How to destroy the productivity of a software developer (II)

This is the second article in a series about productivity in software development. You can find the first article here.

In this article, we will continue discussing some of the most common obstacles in developer productivity.

Good, let's get started.

Poor team policies

Some things do wonders for the productivity of a software development team.

Software-quality-centric development, good testing practices, continuous integration, frequent deployments and code reviews all help you produce top-notch work.

Sounds awesome right? Yes, unfortunately, not all teams have these types of practice as a part of their daily work. Some teams have been doing things in a certain way for a very long time, and they might put a lot of resistance to some of these practices. If it ain't broke don't fix it, right?

These practices can be uncomfortable in the beginning, but they can really help you in the future. Think, for example, about the task of refactoring a complex piece of software and all the things that can go wrong. Having good test coverage makes refactoring much easier, and so does continuous integration.

Give them a try for a couple of months, if you don't see the point after some time you can always go back to do things the old way. In the worst case, you end up learning new practices that might be mandatory in a future job.

Bad in-house support

Access to databases and servers should be carefully managed. Give the wrong person access to data they shouldn't touch and you could be in great trouble.

Sometimes we need to access specific servers or databases to get things done, and in those situations, we are really grateful for responsive operations or IT support teams. Few things can delay a task as much as having to wait for weeks (yep, plural) to get access to the resources you need.

Having a fluid support workflow is something every developer in the world is grateful for. If your company still struggles with providing good support for this type of task, you might need to start talking to people. This is not a nice to have, it's a crucial part of our job. So please, provide us with good support and don't make the process of getting access to the resources we need a total nightmare.

Too many meetings that could have been emails

You should let people skip meetings if they don't have anything to add.

I know lots of people love holding meetings and talking about important stuff, it makes them feel productive. In reality, I believe that somewhere around 80%-90% of all meetings developers participate in could be replaced by emails.

Yes, there are genuinely important meetings where problems get solved, but if you find yourself spending an important part of your daily work in meeting rooms listening to things you barely understand, maybe it's time to set some boundaries.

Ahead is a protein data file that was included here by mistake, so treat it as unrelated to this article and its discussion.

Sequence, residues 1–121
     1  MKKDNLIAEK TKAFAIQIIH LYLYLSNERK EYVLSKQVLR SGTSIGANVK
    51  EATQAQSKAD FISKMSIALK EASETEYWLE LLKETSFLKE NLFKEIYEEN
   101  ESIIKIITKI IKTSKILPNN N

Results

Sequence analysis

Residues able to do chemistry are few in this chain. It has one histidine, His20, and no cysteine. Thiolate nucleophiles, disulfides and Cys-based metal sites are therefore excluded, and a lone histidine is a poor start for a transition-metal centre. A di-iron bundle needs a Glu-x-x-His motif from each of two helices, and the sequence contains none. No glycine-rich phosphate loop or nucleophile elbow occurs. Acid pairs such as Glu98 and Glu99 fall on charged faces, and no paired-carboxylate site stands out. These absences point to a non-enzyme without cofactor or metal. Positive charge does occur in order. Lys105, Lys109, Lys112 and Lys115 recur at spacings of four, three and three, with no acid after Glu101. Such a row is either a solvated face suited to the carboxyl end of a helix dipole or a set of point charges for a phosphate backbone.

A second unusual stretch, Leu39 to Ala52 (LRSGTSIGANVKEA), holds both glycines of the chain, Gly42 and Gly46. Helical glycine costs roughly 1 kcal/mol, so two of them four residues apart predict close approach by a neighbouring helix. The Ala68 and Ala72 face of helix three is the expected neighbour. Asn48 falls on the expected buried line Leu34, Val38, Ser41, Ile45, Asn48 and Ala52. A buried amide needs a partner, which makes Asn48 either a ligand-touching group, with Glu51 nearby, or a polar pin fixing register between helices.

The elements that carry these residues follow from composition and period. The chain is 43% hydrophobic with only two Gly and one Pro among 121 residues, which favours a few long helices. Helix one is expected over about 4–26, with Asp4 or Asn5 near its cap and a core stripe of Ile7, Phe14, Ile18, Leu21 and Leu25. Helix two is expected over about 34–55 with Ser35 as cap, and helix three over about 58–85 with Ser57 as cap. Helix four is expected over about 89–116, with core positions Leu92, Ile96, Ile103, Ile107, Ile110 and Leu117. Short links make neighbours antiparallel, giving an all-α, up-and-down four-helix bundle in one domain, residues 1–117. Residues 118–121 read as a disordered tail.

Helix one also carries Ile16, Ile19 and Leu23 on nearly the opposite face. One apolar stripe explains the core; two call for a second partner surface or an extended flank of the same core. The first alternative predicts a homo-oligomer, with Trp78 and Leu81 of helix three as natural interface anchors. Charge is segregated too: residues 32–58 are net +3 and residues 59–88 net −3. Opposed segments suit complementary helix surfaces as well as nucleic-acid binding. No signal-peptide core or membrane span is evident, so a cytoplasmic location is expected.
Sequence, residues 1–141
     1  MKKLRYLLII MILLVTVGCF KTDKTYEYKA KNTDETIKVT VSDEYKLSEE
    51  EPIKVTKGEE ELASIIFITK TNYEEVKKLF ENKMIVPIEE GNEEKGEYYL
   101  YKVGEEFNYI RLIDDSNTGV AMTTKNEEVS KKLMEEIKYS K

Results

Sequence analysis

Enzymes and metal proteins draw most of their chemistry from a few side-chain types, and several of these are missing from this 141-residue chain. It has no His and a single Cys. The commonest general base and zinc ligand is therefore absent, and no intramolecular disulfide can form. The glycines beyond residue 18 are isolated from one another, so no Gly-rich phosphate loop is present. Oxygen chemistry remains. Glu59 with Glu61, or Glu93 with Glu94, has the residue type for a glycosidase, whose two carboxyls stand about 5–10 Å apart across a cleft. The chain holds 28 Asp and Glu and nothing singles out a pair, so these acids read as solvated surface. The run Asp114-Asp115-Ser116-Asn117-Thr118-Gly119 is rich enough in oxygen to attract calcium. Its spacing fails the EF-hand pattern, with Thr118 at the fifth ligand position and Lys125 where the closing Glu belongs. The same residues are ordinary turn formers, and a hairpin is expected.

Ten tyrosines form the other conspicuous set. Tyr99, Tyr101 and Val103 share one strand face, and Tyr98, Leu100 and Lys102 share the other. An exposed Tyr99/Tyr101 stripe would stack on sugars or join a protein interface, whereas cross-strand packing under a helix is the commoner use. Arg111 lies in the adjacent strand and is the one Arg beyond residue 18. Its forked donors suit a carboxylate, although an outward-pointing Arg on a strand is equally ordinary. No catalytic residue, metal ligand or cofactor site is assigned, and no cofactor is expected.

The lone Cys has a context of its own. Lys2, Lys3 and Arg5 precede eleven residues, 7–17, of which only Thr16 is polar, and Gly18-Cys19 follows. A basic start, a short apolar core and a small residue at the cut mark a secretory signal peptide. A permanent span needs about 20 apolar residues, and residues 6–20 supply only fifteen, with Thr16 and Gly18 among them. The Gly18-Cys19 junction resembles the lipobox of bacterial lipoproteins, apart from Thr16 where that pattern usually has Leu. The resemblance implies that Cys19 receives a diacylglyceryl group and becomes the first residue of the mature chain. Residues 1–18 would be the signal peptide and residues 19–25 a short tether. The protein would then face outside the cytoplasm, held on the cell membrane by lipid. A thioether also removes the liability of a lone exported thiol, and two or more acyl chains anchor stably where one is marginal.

Developers need to be able to spend long spans of uninterrupted time to be able to work efficiently. The context switch that meetings represent costs more than just the time spent in the meeting, it also costs the mental momentum that took you dozens of minutes to gather.

Make (most) meetings optional, and let developers decide the most important ones.

Lack of good remuneration

It's not a secret for anyone that compensation plays a big role in motivation.

Of course, some things matter more: finding meaning in your daily work, enjoying what you do, having control over how you do things are all very important aspects of any job. All these things are proven to increase satisfaction to a higher degree than money alone, but the economy is still a factor of the equation.

It's not about greed, it is about not having to worry about the monetary side of things. If you receive fair compensation, you won't need to worry about other things and can concentrate on providing as much value as possible to your employer.

Paying peanuts and expecting great work in exchange is not realistic. People often complain that there is a shortage of good software developers, I don't believe this is true. There is a shortage of experienced software developers willing to put up with unrealistic deadlines and overtime in exchange for a subpar salary.

Compensate your developers fairly, they will know how to make it worth it.

Open-plan offices

This is a controversial topic, proceed with caution!

DHH wrote a great article on the topic, and I don't think I can add anything.

You can find the article here

You are not alone

Most developers I know have experienced at least one of the issues we discussed in these two articles.

The truth is that very often the solutions for these problems are actually not that difficult, but you need to talk about them. Waiting for these problems to sort themselves out is not going to work. Even worse, assuming a passive-aggressive stance will only make things worse for yourself and everybody else.

Discuss these issues with your colleagues and managers. You will be surprised by how easy it is to solve problems once people start talking about them. It can be a bit scary, but you will soon realize that everyone is happy to make changes if it makes things better for yourself and the company.

Trust people, most of us really want to make things better for everyone, but first, we need to know about the issues.

Thanks for reading!

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  • This article is based on previous experience and on books on the Soft Skills & Career section of the recommended reading list. This and other very helpful books can be found in the recommended reading list.
  • Send me an email with questions, comments or suggestions (it's in the About Me page)
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Budapest, Hungary
Hey there, I'm Juan. A programmer currently living in Budapest. I believe in well-engineered solutions, clean code and sharing knowledge. Thanks for reading, I hope you find my articles useful!